Amanda Knox Prevails Against Italy at EU Court

(CN) – Amanda Knox, an American at the center of a sensational murder case in Italy, suffered unfair treatment at the hands of Italian police and is entitled to damages, a European human rights court ruled Thursday.

American student Amanda Knox was photographed here in Perugia, Italy, on Nov. 8, 2007. (AP Photo/Stefano Medici, File)

A seven-judge panel of the European Court of Human Rights ruled that Italian investigators violated her rights by not allowing a lawyer to be present during an initial police interrogation in which she falsely accused someone for the murder.

The court said Knox should have been allowed access to a lawyer, especially in light of the fact that she was a young foreigner unfamiliar with Italy and the Italian language and the interview was held in an atmosphere of intense psychological pressure.

The panel also said she received inadequate help from an interpreter in that first interrogation. The interpreter was a police officer who acted improperly in a “motherly” manner and as a mediator, the court said.

The human rights court, however, dismissed her allegation that police treated her inhumanely. Knox has claimed police shouted at her and slapped her on the head. But the court said there was insufficient evidence “to conclude that Ms. Knox had actually sustained the inhuman or degrading treatment of which she had complained,” the court said.

However, it ruled that Italian authorities violated her rights by not investigating her complaints of mistreatment.

The court ordered Italy to pay her about $21,000 in damages and costs. The ruling can be reviewed by the court’s high chamber.

Knox’s story gained worldwide attention, becoming the subject of a film and books. She now lives in Seattle.

The court, based in Strasbourg, France, handles cases involving human rights abuses as set out in the European Convention on Human Rights, the foremost set of human rights laws in Europe.

In 2007, Knox, then a 20-year-old student studying in Italy, became a suspect after her 21-year-old British flatmate, Meredith Kercher, was found dead with her throat cut in Perugia, Italy. Police believed Kercher had been sexually assaulted too.

Knox spent several years in Italian prisons in connection with the murder and on a conviction of maliciously accusing someone for the murder. Thursday’s ruling, released only in French, is related to Knox’s legal fight over the conviction of falsely accusing an innocent man.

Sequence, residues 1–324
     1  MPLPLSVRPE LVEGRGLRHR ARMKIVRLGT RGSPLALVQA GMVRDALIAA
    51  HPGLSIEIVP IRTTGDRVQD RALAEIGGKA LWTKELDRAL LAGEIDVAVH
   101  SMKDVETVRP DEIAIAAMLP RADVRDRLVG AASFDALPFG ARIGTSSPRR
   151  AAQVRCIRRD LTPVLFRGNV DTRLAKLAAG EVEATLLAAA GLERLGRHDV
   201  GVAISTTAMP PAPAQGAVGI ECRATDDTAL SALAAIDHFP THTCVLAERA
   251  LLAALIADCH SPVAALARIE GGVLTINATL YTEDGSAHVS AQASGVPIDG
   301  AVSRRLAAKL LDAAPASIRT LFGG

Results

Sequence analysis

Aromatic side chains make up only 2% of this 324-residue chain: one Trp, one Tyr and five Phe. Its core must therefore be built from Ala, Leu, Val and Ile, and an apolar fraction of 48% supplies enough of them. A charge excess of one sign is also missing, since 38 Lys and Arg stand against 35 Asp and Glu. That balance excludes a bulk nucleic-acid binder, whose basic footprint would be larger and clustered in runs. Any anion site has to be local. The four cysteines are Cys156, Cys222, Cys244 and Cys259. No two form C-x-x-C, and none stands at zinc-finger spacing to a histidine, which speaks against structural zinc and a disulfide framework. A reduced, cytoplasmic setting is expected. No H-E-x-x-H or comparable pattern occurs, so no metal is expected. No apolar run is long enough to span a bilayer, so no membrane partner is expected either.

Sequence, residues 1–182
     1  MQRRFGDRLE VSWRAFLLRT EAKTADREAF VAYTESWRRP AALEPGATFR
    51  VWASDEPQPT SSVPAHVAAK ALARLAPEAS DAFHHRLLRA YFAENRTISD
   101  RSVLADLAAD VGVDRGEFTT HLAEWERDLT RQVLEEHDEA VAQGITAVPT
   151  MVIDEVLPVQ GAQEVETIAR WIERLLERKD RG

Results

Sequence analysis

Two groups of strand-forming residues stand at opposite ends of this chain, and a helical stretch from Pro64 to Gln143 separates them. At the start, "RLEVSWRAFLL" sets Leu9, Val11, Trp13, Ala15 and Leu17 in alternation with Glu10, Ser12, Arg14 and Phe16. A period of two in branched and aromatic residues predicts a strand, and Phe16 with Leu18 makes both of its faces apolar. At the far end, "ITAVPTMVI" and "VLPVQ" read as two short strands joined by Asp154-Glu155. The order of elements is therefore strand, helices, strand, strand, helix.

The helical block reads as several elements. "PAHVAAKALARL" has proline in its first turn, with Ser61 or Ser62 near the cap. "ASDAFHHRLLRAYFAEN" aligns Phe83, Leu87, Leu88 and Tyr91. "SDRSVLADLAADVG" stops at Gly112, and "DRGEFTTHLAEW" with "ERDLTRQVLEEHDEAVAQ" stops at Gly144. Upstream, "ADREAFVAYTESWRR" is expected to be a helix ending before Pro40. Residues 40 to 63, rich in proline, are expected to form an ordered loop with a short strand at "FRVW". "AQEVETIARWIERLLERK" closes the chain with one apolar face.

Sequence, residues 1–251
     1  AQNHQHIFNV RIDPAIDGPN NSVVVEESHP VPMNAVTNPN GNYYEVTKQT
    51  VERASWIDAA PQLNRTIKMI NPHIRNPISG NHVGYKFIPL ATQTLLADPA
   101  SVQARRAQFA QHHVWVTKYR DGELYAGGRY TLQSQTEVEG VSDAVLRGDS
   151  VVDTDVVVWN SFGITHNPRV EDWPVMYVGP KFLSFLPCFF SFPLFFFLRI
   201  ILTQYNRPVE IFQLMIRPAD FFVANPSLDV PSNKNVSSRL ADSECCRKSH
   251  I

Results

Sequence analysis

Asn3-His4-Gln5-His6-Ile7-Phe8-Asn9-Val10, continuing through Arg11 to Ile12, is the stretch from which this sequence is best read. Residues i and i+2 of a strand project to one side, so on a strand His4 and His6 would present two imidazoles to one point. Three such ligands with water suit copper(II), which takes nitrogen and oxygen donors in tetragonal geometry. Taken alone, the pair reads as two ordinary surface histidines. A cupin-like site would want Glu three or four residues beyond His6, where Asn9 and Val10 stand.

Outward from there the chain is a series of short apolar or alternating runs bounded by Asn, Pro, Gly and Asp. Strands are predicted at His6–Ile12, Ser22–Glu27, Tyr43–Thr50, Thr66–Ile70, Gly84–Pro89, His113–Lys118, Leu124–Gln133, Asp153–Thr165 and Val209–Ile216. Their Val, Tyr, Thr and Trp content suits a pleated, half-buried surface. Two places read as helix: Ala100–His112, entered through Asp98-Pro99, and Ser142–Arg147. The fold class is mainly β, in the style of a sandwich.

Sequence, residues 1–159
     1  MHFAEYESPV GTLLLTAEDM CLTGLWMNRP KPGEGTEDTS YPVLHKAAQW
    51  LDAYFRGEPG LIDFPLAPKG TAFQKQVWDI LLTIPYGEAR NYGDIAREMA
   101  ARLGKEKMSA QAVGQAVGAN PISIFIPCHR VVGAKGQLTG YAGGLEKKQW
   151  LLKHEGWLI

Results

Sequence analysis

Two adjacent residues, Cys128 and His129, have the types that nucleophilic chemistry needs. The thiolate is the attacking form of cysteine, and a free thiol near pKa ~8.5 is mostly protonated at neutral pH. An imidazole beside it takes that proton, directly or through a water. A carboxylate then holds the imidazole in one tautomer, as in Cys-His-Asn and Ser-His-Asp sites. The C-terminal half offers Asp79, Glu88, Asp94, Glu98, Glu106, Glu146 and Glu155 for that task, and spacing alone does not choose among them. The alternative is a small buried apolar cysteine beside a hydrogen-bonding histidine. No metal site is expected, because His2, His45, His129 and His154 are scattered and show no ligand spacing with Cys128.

In an early morning interrogation on Nov. 6, 2007, Knox told police that a manager at a pub where she worked killed her flatmate. A few hours later, she changed her story in a written statement.

Police arrested Knox, her boyfriend at the time Raffaele Sollecito, and the pub manager, a Congolese man named Diya “Patrick” Lumumba. Lumumba was released two weeks later after providing an alibi, the court said. He was found to be innocent.

In 2008, Knox was charged with making a malicious accusation against Lumumba. She and Sollecito were then convicted in December 2009 for murder and sexual assault. Knox also was convicted for telling police Lumumba committed the murder.

In appealing the malicious accusation conviction, Knox argued psychological pressure, exhaustion, ignorance of legal procedures and a lack of knowledge about her rights led her to accuse Lumumba.

In October 2011, an Italian appellate court acquitted Knox and Sollecito on the murder and sexual assault charges. But her conviction of malicious accusation was upheld. Having already spent three years in prison, Knox was released and she returned to the United States.

Subsequently, Italy’s high court, the Court of Cassation, quashed the acquittals and the appellate court sentenced Knox to 28 ½ years in prison. On further appeal, though, the Court of Cassation acquitted Knox and Sollecito.

Later, Italian authorities charged Knox with a new count of malicious accusation. The new charge alleged Knox falsely accused police officers who interviewed her of violence and threats against her. She was acquitted on that charge.

Police, in the meantime, charged another person with the murder of Kercher, an Ivory Coast-born young man named Rudy Guede. His conviction on murder and sexual assault charges was upheld by the Court of Cassation in December 2010. Guede, who remains in prison, says he is innocent.

Knox and Sollecito were cleared definitively of the murder charges only in 2015 when the Italian courts annulled their convictions. Their convictions had been reinstated in 2014.

In a statement Thursday, Knox said the ruling showed that her “slander conviction was unjust” and shed light on “the reality of false confessions” where police “get suspects to say whatever the police want” by breaking people down through “isolation, exhaustion, deception, verbal and physical abuse.”

She described the Italian police as coercing her into accusing Lumumba during a grueling all-night interrogation. They were “determined to break me,” she said, and made her believe that she was suffering trauma and amnesia but that she had watched Lumumba kill Kercher.

Knox added, “Scapegoating the wrongfully convicted for the mistakes and misconduct of the police prevents us from reforming the system, leading to further miscarriages of justice.”

(Courthouse News reporter Cain Burdeau is based in the European Union.)

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